Nicholas Dawidoff spent a year with the New York Jets. He joined Bill to discuss his book, ‘Collision Low Crossers,’ which offers a behind-the-scenes look at the team’s 2011 season.
The Pittsburgh Steelers won four Super Bowls during the 1970s, and the players remained close long after they left the field. Gary Pomerantz, author of ‘Their Life’s Work,’ joins Bill along with NFL Hall of Famers “Mean Joe” Greene and Franco Harris.
Is Boston a great sports town? That’s the question Bill Littlefield sets out to answer in his chapter of ‘Our Boston,’ a collection of essays about the city by Boston-area writers.
In his new autobiography ‘Dr. J,’ Julius Erving offers a candid view of his Hall-of-Fame basketball career and his complicated life off the court. Erving joins Bill Littlefield for a fascinating conversation.
For some, running is about sweating, pain, triumph and failure, but others find poetry in the sport. ‘Bearers of Distance’ is a new anthology of works by poets who also run. Bill Littlefield shares some of the highlights of this creative approach to capturing the spirit of running.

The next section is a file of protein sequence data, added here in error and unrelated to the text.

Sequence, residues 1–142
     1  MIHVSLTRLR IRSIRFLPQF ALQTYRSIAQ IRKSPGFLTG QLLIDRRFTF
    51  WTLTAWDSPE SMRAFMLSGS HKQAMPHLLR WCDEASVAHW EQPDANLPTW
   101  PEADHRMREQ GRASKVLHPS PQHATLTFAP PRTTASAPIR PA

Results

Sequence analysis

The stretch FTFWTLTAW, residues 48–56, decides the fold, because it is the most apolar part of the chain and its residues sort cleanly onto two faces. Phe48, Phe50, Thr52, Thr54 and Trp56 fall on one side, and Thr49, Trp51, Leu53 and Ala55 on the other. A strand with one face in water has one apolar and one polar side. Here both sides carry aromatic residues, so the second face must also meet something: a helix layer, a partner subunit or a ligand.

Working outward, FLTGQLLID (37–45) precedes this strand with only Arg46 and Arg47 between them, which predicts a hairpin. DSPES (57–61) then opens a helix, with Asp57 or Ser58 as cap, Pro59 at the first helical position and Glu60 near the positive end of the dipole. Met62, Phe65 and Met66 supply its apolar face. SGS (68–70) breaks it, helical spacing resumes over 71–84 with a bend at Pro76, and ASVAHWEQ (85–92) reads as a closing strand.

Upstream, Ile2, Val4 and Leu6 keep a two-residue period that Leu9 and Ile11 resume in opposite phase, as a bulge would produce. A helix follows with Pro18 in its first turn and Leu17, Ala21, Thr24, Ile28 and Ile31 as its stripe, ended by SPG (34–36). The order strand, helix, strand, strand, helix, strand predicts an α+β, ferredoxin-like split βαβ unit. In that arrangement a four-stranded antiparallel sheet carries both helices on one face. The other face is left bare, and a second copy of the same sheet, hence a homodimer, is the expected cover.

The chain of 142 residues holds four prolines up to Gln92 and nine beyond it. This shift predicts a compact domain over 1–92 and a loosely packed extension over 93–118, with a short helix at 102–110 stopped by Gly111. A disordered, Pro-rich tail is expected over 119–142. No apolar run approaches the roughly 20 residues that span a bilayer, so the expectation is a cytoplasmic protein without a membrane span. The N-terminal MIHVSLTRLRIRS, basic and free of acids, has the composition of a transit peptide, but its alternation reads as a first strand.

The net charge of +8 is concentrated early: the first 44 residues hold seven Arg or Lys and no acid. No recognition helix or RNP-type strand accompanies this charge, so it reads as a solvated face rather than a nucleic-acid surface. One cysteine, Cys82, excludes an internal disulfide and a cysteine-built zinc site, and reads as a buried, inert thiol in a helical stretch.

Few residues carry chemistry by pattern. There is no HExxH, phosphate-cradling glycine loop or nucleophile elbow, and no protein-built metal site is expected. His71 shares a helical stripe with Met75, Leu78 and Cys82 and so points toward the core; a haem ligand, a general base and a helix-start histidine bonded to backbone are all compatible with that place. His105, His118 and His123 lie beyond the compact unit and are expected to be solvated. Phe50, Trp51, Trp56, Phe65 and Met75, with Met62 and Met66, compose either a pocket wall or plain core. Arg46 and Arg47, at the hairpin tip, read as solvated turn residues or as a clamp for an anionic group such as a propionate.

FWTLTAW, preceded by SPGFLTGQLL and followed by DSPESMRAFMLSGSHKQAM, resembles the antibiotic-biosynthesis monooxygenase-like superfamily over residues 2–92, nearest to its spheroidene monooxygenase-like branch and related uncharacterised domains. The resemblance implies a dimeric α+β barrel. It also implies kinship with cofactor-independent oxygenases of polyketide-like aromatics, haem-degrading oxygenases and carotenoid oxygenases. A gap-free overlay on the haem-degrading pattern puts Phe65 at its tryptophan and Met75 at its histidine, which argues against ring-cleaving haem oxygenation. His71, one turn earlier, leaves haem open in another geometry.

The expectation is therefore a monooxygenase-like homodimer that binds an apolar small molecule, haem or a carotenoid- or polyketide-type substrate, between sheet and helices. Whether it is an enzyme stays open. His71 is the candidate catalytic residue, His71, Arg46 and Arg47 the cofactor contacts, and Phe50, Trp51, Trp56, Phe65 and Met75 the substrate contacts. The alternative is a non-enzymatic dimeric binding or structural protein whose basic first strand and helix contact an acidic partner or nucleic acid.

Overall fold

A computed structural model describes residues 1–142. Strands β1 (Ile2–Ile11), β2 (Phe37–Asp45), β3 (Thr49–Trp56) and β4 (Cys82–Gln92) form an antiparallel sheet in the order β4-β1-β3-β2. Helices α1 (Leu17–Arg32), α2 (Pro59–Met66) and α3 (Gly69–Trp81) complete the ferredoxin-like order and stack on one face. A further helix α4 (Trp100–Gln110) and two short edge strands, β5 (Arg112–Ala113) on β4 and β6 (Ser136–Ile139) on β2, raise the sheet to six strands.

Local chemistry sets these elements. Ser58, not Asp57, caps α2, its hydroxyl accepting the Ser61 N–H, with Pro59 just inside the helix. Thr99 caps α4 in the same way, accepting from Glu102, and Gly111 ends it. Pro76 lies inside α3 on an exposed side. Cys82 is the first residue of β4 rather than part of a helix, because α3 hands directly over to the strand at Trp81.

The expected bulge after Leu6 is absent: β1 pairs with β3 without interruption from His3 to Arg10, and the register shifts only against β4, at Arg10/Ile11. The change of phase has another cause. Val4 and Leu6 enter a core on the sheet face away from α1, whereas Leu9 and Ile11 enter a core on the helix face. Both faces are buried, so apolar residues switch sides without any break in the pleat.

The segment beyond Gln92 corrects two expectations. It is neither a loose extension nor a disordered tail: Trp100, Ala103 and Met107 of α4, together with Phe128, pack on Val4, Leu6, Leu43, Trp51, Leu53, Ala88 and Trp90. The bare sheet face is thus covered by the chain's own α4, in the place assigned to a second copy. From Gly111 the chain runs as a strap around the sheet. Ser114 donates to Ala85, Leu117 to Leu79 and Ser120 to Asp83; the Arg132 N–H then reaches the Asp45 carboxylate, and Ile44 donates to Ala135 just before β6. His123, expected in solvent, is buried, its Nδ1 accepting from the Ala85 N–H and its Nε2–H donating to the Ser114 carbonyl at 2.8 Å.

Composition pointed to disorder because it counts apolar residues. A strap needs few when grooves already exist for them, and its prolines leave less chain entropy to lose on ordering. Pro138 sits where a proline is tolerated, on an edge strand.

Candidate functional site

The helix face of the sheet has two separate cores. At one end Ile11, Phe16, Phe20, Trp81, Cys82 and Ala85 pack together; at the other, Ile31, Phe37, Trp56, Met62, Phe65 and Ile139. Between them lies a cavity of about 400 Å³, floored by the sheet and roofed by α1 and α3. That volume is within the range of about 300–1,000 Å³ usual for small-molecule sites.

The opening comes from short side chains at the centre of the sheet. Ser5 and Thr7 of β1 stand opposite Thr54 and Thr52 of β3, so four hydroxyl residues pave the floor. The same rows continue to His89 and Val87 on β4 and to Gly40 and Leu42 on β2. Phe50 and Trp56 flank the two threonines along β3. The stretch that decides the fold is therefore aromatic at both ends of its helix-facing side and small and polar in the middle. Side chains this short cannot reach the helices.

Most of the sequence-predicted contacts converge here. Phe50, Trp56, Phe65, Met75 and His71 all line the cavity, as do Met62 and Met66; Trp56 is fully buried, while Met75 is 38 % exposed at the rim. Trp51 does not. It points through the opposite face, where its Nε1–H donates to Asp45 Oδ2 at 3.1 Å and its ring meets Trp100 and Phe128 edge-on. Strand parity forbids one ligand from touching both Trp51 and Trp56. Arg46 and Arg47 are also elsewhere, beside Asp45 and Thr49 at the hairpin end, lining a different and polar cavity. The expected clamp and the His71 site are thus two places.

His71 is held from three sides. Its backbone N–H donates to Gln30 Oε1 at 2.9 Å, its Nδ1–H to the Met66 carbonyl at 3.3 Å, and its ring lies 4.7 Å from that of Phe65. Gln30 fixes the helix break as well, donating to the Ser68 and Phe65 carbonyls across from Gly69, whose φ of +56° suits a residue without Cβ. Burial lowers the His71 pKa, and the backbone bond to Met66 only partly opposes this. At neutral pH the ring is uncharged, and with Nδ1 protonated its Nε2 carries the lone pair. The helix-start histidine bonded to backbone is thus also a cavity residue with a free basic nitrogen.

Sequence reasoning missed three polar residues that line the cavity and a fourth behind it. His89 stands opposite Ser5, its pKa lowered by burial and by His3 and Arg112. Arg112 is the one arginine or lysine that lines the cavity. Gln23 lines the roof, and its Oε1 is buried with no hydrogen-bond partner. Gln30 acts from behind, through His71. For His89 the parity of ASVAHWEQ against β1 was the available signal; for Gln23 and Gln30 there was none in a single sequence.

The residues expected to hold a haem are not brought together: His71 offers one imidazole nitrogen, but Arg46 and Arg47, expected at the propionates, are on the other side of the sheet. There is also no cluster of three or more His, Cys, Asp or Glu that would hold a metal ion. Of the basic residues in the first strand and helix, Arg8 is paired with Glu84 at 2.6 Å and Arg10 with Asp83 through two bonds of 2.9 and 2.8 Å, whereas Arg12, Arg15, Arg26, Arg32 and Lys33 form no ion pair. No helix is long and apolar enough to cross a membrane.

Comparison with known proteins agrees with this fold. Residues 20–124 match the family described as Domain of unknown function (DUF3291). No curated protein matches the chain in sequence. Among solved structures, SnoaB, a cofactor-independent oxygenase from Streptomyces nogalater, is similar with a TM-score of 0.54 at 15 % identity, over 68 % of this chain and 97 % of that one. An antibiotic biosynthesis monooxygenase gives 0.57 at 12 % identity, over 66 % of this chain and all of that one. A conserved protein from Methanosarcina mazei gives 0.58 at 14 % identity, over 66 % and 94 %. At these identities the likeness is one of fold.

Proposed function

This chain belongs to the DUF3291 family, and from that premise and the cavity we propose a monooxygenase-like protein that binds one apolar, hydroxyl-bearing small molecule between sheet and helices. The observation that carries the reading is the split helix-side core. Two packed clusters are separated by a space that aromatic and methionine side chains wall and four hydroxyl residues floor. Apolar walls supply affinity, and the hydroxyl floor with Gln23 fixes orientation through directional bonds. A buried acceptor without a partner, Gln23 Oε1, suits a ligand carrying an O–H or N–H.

In ‘The Sons of Westwood,’ John Wooden, UCLA, and the Dynasty that changed College Basketball,’ John Matthew Smith presents a complex portrait of the iconic coach. Smith joined Bill Littlefield to discuss his book.
When the Libyan Revolution began in 2011. Alex Owumi was playing professional basketball in Libya. Owumi details his experience in his new book “Qaddafi’s Point Guard,” which he dicusses with Bill Littlefield.
Author Daniel Gilbert examines how baseball has been shaped and modified from the postwar boom to today. He joins Bill Littlefield to discuss the history and the meaning of the sport’s changes.
In “The 34-Ton Bat,” Steve Rushin tells the stories of a number of objects — and characters — from baseball’s past. The author joins Bill Littlefield to delve deeper into some of those stories.
After weeks of anticipation, the Frontline documentary “League of Denial” aired Tuesday. The movie–and its accompanying book–sharply criticize the NFL’s handling of the concussion crisis. But will anything change? Bill Littlefield weighs in.